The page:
Dominica relaunches its cocoa sector to compete on global market
The Caribbean island has unique, fine-flavoured cocoa that has won prestigious recognition in product quality within the past decade and the initiative is being facilitated through workshops for stakeholders to improve the quality of their products.
Owners of abandoned cocoa lands have been invited by The Ministry of Agriculture to come on board and invest in their farms with the offer that services to increase selected value chains' productivity and export capacity will be available.
After the severe devastation to crops after Hurricane Maria in 2017, much of the country's ecosystem was destroyed. However, the island's resilience against climate change and determination to build back better have seen the Dominican economy thrive again.
Dr Reginald Thomas of the Ministry of the Blue and Green Economy, Agriculture and National Food Security underlined the vital role that cocoa plays in the agricultural sector as it contributes to the livelihoods of Dominican farmers and helps build resilience.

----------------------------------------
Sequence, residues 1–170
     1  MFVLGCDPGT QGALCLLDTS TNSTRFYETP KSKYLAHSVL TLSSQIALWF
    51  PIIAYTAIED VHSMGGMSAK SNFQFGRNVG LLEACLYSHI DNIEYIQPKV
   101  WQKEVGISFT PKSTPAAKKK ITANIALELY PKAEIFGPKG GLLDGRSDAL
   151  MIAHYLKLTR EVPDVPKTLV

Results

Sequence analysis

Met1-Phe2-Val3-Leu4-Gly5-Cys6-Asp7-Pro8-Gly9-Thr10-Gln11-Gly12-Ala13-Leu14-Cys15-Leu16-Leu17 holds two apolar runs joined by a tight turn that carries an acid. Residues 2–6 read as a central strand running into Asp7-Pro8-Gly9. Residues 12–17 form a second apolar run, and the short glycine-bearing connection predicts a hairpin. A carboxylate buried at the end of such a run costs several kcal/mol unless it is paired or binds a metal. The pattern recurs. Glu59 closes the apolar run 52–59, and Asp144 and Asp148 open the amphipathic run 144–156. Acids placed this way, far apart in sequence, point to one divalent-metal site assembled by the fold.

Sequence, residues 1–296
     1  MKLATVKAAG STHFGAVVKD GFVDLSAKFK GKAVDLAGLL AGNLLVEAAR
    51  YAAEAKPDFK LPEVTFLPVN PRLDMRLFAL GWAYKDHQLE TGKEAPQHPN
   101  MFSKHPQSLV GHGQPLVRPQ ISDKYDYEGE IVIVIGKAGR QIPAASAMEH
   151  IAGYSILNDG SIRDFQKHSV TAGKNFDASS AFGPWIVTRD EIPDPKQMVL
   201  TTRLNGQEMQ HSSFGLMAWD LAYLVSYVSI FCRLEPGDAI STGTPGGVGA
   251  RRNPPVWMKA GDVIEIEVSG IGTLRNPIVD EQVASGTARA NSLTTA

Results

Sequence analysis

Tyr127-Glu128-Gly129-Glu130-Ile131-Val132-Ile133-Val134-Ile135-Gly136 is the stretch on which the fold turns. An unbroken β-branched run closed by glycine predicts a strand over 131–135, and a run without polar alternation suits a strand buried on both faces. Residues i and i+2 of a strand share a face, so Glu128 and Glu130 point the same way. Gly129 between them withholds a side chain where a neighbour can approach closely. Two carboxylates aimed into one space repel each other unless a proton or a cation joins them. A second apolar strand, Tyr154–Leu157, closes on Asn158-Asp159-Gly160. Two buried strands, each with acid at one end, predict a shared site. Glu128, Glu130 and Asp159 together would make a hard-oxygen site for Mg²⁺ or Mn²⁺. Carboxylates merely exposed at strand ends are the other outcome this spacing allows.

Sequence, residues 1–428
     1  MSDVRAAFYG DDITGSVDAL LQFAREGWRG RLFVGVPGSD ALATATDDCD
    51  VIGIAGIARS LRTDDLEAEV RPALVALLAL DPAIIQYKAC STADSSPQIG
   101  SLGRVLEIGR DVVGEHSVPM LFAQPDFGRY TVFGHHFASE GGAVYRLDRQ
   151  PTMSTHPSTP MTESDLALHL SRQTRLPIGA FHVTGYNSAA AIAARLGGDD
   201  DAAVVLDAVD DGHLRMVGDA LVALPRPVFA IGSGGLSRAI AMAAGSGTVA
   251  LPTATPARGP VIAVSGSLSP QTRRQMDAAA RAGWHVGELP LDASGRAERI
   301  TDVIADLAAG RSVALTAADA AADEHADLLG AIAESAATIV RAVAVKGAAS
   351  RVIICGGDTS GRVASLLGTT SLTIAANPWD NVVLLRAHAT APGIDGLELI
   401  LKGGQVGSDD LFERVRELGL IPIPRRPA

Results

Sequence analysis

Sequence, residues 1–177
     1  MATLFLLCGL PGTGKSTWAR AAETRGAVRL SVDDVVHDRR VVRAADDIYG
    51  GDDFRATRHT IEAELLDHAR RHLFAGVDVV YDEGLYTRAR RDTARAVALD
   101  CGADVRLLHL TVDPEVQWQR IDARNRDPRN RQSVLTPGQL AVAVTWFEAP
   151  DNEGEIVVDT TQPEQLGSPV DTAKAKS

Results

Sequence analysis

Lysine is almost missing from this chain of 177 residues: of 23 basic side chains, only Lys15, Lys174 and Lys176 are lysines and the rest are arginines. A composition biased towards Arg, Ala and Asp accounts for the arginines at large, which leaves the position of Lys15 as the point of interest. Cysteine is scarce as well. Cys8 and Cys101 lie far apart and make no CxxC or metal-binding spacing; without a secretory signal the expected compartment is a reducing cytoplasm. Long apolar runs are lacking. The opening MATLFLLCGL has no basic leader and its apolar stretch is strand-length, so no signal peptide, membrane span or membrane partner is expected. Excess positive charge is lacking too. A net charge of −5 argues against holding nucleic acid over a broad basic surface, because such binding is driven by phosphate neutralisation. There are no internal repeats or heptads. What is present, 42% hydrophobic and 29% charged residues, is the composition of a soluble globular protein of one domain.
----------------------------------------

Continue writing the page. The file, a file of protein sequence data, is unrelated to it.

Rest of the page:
"It's one of the true crops that can be placed in the production system, but importantly, cocoa has come from being an estate crop to an integrated crop, and as such, we see the importance of cocoa worldwide in terms of the market available, and it's agro-processed products," he said.
A sector that has greatly helped aid the island's agricultural recovery from Hurricane Maria is the Citizenship by Investment (CBI) Programme. CBI confers second citizenship to those who invest in the nation's economy and is a route many take to attain greater travel mobility, business opportunities and a Plan B in times of crisis.
Main applicants who invest $100,000 in the government's Economic Diversification Fund can gain full citizenship of Dominica and the right to work, study and live in the country also known as the 'Nature Isle of the Caribbean'.
According to a 2019 report compiled by PWC, between 2014-15 to 2018-19, almost EC$30m ($500,000) was allotted from CBI funds to support agricultural and fishery sector projects.
"Most of the projects were aimed at increased food production and security, which targeted specifically banana, coffee and cocoa plantations. Farmers and fishermen's employment was also boosted through training programmes and economic support," the report said.